In restaurants I believe the idea of a specific Australian cuisine is even more distinct. During the 90s and 2000s, restaurant guidebooks would use the horrible term “Mod-Oz” (these days it has been replaced by “contemporary”). It referred to a style of food that didn’t clearly fit into any existing national cuisine, and, while it covered a wide range of food, there were some common threads.

We would use classic European technique, but the food would be lighter than most French or English dishes. Ingredients would range widely, basically anything that would grow here. This included Asian vegetables alongside European ones, Middle Eastern flavours and South American chillies. Lastly, we cooked with a sensibility influenced largely by the Mediterranean cuisines, where freshness and simplicity of flavour were forefront.

That, to me, is what Australian cuisine is. I’ve always referred to it in shorthand as French technique, Asian ingredients and a Mediterranean sensibility, a natural entwining of all those influences.


This, more or less, has always been my answer to the question of Australian food. It is rambling and inexact, and possibly a little hard for people to understand without experiencing it, but it is heartfelt.

Though I feel it can be expanded on and refined. Now that I am back in Australia, and a blog about the experience of an Australian travelling the world makes little sense, I am going to change the direction of the Raw Prawn to explore this question. By looking at individual products, restaurant and recipe trends, and talking to people with different experiences of our culinary landscape I will use this blog to delve deeper into what makes Australian food Australian.

I am not going to promise a definitive answer, but I am sure it will be an interesting journey.

Missing ingredients

For the past few years, in the week before Christmas, I’ve done a big cook up for my friends. Large cuts of meat cooked slowly, sides, desserts, and whatever else I feel like serving those people that I like. While I may be on the other side of the world this year, I felt that the traditional pre-Christmas feast was still worth doing.

I went for a bit of a classic. Roast lamb, potato gratin, honeyed carrots, and sautéed kale, followed by apple and rhubarb crumble with custard. Crowd pleasers seemed the way to go.

There were always going to be some challenges with putting a meal like this together while travelling, of course. Not least being the state of the hostel’s kitchen. While better than what you usually get in a hostel, it certainly lacks some of the sophistication of what I had back home. Lacks quite a lot of the utensils, too.

The larger challenge, though, is ingredient shopping. At the best of times I struggle with shopping for an event like this. Not being one for half measures, I like to get really good quality produce. The meat should be ethically produced and as good as can be found.

Vegetables and fruit, too, need to be of the highest standards, which means I need to be able to look at them myself before choosing.

In any new city it can be hard to find places you trust to sell you food. In a big city like London, caught in the grip of warring supermarkets, it can be even worse. Don’t get me wrong, supermarkets have their place, and with the tiered variety of chains here, some of them are quite good.

But even in the supposedly higher end supermarkets there is an upsetting trend away from choosing your own produce. At the local Waitrose nearly everything is in plastic wrappers. Maybe I’m a bit of a snob, but it all just leaves me a bit cold. Is it so odd to want to feel my leeks before I buy them? I would always prefer a small, local grocers or butchers, but they are increasingly difficult to find.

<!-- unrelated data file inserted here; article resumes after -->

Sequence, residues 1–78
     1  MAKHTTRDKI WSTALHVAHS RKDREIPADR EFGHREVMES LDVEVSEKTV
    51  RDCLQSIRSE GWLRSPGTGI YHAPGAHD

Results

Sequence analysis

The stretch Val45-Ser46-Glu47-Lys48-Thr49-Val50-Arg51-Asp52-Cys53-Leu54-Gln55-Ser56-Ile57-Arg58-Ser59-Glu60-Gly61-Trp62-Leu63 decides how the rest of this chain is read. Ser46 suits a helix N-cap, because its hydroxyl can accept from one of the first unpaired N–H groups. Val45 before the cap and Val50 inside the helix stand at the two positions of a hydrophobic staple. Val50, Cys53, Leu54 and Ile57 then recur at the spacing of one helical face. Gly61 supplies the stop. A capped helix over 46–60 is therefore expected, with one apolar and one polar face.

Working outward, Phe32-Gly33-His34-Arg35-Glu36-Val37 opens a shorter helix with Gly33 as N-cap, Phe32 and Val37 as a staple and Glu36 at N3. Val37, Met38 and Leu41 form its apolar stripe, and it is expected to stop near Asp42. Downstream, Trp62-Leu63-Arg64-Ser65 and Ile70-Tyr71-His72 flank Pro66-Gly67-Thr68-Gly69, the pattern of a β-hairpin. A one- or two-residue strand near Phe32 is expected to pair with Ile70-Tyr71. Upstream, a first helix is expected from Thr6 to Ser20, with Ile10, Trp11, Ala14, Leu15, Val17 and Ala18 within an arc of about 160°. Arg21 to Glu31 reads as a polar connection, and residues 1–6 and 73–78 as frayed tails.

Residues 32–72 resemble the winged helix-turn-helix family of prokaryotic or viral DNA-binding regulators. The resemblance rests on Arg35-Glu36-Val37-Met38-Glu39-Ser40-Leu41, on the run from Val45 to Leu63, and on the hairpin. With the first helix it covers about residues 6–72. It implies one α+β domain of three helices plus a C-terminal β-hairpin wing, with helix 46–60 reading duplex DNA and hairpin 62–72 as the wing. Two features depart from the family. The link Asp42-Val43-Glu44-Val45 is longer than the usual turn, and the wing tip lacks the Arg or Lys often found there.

Through the wonders of the internet I did manage to find a family owned organic butchers a mere two tube stops away. HG Walter’s is a dream of a butcher. Along with the usual cuts there was game and offal of every sort, plus some stunning looking house made sausages. The meat was displayed beautifully, the staff knew what they were talking about, and it was a challenge to choose what to take.

Even with the help of the internet, though, decent greengrocers have been near impossible to find. In desperate need of good veggies I did what I would do in most cities and headed for the markets.

When deciding on which market to visit, it’s good to stick to those that are large, old, and central. Barcelona’s La Boqueria are a good example, as are Melbourne’s own Queen Victoria Markets. In London, this meant Borough Markets. With a very long history, including 160 years in the current location, Borough Markets is one of London’s largest, and located right by London Bridge. It hit the brief on all three counts.

That it seemed so likely to be one of the great markets of the world might explain why I came away feeling so disappointed.

Don’t’get me wrong. There is a lot to be impressed about at Borough Markets. If you’re looking for cured meats and cheeses there is a seriously impressive selection. Some of the meat available looked wonderful, too, especially the game meat. And there looked to be some beautiful seafood, too.

But there was a significant lack of fruit and vegetables. Across the whole market I think I counted 5 fruit and veg stalls, most of which were really rather small. Some did have good produce, for example I got some lovely organic carrots for an absurd 10p a kilo. But there just wasn’t the selection I expect from a great market.

Maybe my expectations are too high, and I’ve been spoilt by some of the Australian markets. In Melbourne alone, not only is there the indomitable Queen Vic, but also Prahran. Adelaide’s Central Markets are equally impressive. Even the Belconnen and Fyshwick markets in Canberra aren’t too bad when it comes to the range and quality of fresh vegetables.

To me, Borough Markets just didn’t live up to expectations. I did manage to get what I required, and my pre-Christmas dinner was a huge success. The lamb shoulder spent 6 hours in the oven and fell off the bone, the potato gratin was rich and creamy, and the crumble was sweet and warming. Everyone was left delighted, but I just want it to be easier next time.

Looking online, farmers markets seem to be the best suggestions for fresh produce, but they’re mostly on the weekend.

In the meantime, perhaps I’m stuck with plastic-wrapped leeks.